Clinical syndromes associated with Entamoeba histolytica infection include noninvasive intestinal infection, intestinal amebiasis, ameboma, and liver abscess. Disease is more severe in the very young, the elderly, and pregnant women. Patients with noninvasive intestinal infection may be asymptomatic or may have nonspecific intestinal tract complaints. People with intestinal amebiasis (amebic colitis) generally have 1 to 3 weeks of increasingly severe diarrhea progressing to grossly bloody dysenteric stools with lower abdominal pain and tenesmus. Weight loss is common, but fever occurs only in a minority of patients (8%-38%). Symptoms may be chronic and may mimic inflammatory bowel disease. Progressive involvement of the colon may produce toxic megacolon, fulminant colitis, ulceration of the colon and perianal area, and rarely, perforation. Progression may occur in patients inappropriately treated with corticosteroids or antimotility drugs. An ameboma may occur as an annular lesion of the cecum or ascending colon that may be mistaken for colonic carcinoma or as a tender extrahepatic mass mimicking a pyogenic abscess. Amebomas usually resolve with antiamebic therapy and do not require surgery.
In a small proportion of patients, extraintestinal disease may occur. Although the liver is the most common extraintestinal site, the lungs, pleural space, pericardium, brain, skin, and genitourinary tract also may be involved. Liver abscess may be acute, with fever, abdominal pain, tachypnea, liver tenderness, and hepatomegaly; or chronic, with weight loss, vague abdominal symptoms, and irritability. Rupture of abscesses into the abdomen or chest may lead to death. Evidence of recent intestinal infection usually is absent.
The genus Entamoeba includes 6 species that live in human intestine. Three of these species are identical morphologically: E histolytica, Entamoeba dispar , and Entamoeba moshkovskii . The pathogenic E histolytica and the nonpathogenic E dispar and E moshkovskii are excreted as cysts or trophozoites in stools of infected people.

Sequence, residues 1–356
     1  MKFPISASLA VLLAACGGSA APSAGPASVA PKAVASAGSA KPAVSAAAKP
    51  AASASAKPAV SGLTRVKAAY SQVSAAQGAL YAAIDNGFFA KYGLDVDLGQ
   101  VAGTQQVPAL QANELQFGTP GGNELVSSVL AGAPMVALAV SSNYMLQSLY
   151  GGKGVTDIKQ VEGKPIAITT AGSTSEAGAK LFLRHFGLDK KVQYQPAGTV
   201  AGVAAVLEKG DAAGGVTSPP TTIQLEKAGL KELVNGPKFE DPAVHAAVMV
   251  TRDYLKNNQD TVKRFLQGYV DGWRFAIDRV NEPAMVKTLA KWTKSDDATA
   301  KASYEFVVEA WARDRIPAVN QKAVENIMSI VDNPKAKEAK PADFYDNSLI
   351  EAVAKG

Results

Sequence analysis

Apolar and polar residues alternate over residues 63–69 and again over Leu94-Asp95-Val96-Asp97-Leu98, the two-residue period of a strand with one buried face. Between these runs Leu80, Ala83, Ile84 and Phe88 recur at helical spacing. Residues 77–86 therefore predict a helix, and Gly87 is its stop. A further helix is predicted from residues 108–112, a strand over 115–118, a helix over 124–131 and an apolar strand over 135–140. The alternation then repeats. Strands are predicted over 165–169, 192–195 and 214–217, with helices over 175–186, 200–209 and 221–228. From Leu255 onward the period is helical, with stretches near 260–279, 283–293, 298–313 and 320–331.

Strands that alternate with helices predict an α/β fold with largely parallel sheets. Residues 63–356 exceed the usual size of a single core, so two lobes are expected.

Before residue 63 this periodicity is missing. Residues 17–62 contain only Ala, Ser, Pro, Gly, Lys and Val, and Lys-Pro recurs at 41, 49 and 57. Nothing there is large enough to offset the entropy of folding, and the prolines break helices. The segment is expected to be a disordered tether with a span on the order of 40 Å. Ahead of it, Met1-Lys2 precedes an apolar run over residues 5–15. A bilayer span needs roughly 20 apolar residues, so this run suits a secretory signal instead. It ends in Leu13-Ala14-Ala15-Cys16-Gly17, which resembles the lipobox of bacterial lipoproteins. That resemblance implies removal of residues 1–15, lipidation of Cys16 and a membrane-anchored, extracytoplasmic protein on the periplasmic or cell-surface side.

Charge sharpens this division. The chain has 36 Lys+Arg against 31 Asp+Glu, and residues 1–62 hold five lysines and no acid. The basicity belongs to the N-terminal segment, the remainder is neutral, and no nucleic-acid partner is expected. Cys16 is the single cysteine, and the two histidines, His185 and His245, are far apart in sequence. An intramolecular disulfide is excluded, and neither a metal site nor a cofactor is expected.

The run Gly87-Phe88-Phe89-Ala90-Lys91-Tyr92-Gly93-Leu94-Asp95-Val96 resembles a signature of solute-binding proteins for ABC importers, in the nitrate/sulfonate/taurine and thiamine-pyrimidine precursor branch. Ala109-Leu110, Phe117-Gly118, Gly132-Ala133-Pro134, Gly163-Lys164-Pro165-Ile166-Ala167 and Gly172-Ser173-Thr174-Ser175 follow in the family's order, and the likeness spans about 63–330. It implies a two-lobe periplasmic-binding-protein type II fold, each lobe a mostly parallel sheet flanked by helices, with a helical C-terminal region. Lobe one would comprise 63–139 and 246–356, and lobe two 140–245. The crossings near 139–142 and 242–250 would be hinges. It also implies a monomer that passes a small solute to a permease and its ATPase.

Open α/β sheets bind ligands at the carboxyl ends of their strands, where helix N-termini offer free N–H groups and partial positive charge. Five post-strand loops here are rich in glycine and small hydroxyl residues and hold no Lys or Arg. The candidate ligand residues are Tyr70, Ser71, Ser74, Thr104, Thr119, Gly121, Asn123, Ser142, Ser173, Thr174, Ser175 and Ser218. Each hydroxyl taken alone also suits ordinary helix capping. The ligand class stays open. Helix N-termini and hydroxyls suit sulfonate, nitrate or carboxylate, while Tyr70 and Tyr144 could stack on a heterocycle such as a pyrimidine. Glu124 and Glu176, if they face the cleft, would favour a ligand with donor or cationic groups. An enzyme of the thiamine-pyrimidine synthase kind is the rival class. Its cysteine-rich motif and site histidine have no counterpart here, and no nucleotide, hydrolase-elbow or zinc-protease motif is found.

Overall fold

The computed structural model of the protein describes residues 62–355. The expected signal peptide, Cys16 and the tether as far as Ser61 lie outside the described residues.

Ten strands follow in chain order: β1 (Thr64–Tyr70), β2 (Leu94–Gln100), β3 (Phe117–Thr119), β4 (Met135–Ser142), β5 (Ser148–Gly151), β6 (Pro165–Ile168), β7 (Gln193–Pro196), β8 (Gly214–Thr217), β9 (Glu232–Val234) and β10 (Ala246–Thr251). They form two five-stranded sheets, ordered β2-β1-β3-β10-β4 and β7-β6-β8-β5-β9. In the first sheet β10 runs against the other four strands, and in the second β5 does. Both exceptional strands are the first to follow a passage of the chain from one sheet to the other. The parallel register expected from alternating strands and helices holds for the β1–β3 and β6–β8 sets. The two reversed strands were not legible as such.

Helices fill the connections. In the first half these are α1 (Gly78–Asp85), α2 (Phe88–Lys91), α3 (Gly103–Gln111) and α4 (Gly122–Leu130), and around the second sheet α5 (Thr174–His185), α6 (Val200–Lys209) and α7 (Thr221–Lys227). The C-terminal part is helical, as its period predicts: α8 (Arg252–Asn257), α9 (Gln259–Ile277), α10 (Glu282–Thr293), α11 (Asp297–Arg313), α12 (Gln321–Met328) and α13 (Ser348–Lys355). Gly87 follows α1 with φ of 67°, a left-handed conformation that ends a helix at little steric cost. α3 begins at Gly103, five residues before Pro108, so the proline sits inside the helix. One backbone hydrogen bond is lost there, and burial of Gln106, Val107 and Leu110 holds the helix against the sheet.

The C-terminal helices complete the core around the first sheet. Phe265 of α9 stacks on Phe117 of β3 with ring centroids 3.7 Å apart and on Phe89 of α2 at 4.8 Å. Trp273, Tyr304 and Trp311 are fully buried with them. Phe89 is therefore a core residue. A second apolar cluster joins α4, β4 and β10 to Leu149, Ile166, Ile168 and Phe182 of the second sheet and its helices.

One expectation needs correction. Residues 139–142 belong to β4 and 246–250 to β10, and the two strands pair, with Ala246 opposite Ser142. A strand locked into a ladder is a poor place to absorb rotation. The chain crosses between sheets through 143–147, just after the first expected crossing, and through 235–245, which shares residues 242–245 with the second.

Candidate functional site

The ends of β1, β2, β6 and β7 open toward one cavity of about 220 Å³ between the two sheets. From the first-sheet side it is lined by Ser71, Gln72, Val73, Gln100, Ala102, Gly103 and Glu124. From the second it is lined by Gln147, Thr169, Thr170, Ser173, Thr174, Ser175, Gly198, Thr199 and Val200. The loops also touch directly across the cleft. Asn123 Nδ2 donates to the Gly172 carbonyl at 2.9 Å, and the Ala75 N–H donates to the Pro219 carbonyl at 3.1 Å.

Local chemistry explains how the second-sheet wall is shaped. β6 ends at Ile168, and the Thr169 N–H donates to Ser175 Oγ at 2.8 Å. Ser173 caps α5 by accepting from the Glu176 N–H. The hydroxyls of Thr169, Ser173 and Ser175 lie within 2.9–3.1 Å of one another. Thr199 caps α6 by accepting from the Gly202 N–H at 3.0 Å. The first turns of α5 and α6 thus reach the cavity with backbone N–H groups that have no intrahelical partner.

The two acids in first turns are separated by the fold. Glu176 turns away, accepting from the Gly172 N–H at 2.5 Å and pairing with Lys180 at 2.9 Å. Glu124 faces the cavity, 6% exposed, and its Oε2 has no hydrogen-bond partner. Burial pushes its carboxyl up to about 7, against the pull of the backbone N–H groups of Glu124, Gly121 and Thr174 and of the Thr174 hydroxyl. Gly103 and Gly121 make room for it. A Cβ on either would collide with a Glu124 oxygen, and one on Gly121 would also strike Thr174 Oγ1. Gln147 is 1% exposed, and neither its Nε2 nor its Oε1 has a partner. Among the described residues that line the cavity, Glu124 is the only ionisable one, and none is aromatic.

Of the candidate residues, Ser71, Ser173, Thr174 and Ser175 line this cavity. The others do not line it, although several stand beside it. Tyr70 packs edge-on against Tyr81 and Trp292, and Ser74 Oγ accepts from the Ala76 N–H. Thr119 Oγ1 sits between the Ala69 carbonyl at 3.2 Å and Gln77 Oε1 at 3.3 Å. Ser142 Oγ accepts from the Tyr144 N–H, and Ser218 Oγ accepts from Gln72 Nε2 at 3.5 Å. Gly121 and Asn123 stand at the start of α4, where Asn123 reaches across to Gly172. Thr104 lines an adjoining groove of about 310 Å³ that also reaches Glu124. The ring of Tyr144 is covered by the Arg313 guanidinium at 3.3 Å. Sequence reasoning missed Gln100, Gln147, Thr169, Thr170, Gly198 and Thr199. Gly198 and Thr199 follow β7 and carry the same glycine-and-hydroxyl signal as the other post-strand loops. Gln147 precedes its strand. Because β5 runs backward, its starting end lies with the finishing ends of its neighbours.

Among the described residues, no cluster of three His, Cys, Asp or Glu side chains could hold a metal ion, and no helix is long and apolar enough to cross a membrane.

E histolytica can be found worldwide but is more prevalent in people of lower socioeconomic status who live in economically developing countries, where the prevalence of amebic infection may be as high as 50% in some communities. Groups at increased risk of infection in industrialized countries include immigrants from or long-term visitors to areas with endemic infection, institutionalized people, and men who have sex with men. E histolytica is transmitted via amebic cysts by the fecal-oral route. Ingested cysts, which are unaffected by gastric acid, undergo excystation in the alkaline small intestine and produce trophozoites that infect the colon. Cysts that develop subsequently are the source of transmission, especially from asymptomatic cyst excreters. Infected patients excrete cysts intermittently, sometimes for years if untreated. Transmission occasionally has been associated with contaminated food, water, and enema equipment. Sexual transmission also may occur.
The incubation period is variable, ranging from a few days to months or years but commonly is 2 to 4 weeks.
A presumptive diagnosis of intestinal infection depends on identifying trophozoites or cysts in stool specimens. Examination of serial specimens may be necessary. Specimens of stool, endoscopy scrapings (not swabs), and biopsies should be examined by wet mount within 30 minutes of collection and fixed in formalin or polyvinyl alcohol (available in kits) for concentration and permanent staining. E histolytica is not distinguished easily from the noninvasive and more prevalent E dispar and E moshkovskii , although trophozoites containing ingested red blood cells are more likely to be E histolytica . Polymerase chain reaction, isoenzyme analysis, and monoclonal antibody-based antigen detection assays can differentiate E histolytica, E dispar , and E moshkovskii .